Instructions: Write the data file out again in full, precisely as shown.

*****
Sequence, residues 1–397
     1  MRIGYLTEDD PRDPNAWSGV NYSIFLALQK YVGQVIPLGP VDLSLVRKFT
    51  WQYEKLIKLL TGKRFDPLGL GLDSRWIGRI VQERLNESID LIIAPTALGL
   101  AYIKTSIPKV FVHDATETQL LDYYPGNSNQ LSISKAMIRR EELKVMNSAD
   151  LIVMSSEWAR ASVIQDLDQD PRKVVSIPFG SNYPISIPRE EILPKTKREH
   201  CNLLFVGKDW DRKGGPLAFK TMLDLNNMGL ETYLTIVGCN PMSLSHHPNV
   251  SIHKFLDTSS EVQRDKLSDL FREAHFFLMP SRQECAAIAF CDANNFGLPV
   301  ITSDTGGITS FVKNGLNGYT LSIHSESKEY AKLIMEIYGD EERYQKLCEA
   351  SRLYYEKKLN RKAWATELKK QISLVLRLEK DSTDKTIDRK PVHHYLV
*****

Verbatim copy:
Sequence, residues 1–397
     1  MRIGYLTEDD PRDPNAWSGV NYSIFLALQK YVGQVIPLGP VDLSLVRKFT
    51  WQYEKLIKLL TGKRFDPLGL GLDSRWIGRI VQERLNESID LIIAPTALGL
   101  AYIKTSIPKV FVHDATETQL LDYYPGNSNQ LSISKAMIRR EELKVMNSAD
   151  LIVMSSEWAR ASVIQDLDQD PRKVVSIPFG SNYPISIPRE EILPKTKREH
   201  CNLLFVGKDW DRKGGPLAFK TMLDLNNMGL ETYLTIVGCN PMSLSHHPNV
   251  SIHKFLDTSS EVQRDKLSDL FREAHFFLMP SRQECAAIAF CDANNFGLPV
   301  ITSDTGGITS FVKNGLNGYT LSIHSESKEY AKLIMEIYGD EERYQKLCEA
   351  SRLYYEKKLN RKAWATELKK QISLVLRLEK DSTDKTIDRK PVHHYLV